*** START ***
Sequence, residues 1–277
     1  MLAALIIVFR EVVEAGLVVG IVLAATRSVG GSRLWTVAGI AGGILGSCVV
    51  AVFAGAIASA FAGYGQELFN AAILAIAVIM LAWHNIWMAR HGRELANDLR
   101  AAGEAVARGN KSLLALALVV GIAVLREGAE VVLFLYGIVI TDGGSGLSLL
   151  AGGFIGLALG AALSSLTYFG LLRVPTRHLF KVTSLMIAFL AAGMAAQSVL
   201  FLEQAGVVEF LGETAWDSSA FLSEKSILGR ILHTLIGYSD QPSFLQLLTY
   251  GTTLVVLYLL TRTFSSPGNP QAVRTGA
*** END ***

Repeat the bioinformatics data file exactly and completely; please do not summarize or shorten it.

Sequence, residues 1–277
     1  MLAALIIVFR EVVEAGLVVG IVLAATRSVG GSRLWTVAGI AGGILGSCVV
    51  AVFAGAIASA FAGYGQELFN AAILAIAVIM LAWHNIWMAR HGRELANDLR
   101  AAGEAVARGN KSLLALALVV GIAVLREGAE VVLFLYGIVI TDGGSGLSLL
   151  AGGFIGLALG AALSSLTYFG LLRVPTRHLF KVTSLMIAFL AAGMAAQSVL
   201  FLEQAGVVEF LGETAWDSSA FLSEKSILGR ILHTLIGYSD QPSFLQLLTY
   251  GTTLVVLYLL TRTFSSPGNP QAVRTGA